Iran is to establish an offshore bank on one of its Persian Gulf islands “within a month” as it continues to seek ways around restrictions on international payments, according to the Islamic Republic News Agency (IRNA).
The IRNA report stated that the new bank will be set up on Kish Island, which has been developed as a tourism destination and a free trade zone over several decades.
The aim is to tap into rising demand for cross-border banking transactions, commented Ali Jirofti, deputy head of the Kish Free Zone Organisation, who told IRNA that the new, unnamed offshore bank will be able to transfer money and facilitate domestic and foreign investment activities.
Jirofti added that the plan is for the bank to be established next month. If that does happen, he said it could play a useful role for a country which is still searching for ways to tap into the international financial system.
Iran’s banks have struggled under sanctions in recent years and although they have been lifted on many banks since January – when the country agreed to scale back its nuclear activities – they still struggle to find counterparts willing to work with them.
Most major international banks remain reluctant do business with Iran out of fear of contravening the remaining US sanctions, including a ban on the use of US dollars in dealing with Iran.
A recent news report however suggested that the US government is considering a change in its rules to permit Iran to transact in dollars using offshore financial institutions.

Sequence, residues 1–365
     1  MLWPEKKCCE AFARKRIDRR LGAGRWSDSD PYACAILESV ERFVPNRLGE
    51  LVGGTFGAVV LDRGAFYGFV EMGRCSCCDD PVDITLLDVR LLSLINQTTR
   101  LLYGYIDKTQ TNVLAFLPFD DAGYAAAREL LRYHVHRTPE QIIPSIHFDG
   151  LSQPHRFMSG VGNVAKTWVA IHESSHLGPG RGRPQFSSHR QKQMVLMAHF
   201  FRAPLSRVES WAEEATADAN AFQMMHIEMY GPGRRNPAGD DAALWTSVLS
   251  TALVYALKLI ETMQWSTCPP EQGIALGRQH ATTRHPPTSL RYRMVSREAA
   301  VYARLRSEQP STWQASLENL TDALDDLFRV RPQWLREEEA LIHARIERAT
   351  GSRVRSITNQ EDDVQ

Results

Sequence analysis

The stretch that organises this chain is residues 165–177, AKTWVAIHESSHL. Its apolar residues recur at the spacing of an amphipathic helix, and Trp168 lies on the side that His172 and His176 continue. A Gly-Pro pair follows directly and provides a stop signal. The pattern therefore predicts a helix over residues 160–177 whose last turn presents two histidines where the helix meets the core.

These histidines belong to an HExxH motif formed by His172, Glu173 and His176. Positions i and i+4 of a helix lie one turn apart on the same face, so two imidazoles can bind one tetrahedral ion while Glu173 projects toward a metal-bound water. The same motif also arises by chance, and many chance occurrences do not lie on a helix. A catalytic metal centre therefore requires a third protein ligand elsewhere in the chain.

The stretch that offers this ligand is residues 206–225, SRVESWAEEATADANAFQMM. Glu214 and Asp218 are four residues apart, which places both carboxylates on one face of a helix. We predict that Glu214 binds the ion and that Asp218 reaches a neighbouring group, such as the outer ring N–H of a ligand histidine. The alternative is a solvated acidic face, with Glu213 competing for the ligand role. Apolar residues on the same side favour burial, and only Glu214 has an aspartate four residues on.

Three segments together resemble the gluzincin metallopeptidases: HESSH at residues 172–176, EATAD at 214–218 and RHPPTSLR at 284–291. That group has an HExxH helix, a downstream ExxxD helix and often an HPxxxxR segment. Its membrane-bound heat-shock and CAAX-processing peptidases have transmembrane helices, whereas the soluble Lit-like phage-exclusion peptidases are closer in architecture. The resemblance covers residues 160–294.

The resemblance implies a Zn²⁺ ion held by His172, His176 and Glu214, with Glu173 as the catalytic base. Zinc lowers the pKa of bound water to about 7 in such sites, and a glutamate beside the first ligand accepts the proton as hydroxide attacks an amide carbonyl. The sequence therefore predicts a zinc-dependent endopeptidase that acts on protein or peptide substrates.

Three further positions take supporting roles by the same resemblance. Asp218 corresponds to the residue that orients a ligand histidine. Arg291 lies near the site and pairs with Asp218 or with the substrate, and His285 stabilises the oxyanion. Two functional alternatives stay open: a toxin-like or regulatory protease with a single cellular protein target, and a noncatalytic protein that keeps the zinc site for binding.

Meanwhile, Iran is attracting large amounts of foreign direct investment (FDI). A recent report from fDi Intelligence showed that there were 22 FDI projects collectively worth US$3.5bn in the first quarter of 2016, the highest level of investment in a single quarter since it began tracking the Iranian market in 2003.
Iran has been the third largest recipient of foreign investment in the region so far this year, behind the United Arab Emirates (UAE) and Saudi Arabia. The main sources of investment into Iran were South Korea and Germany, which together accounted for US$2.2bn of the total.
The international trade deal is described as the most significant since the formation of the World Trade Organisation in 1995.
Finance ministers back further moves to prevent multinationals from exploiting differences in tax rates between EU member countries and those outside the region.
The European Banking Authority said that its proposed rules for stronger customer authentication would be relaxed for payments under €10.
A relatively small population and take-up of the latest technologies makes the country a testbed for payment innovation, according to an ANZ Group report.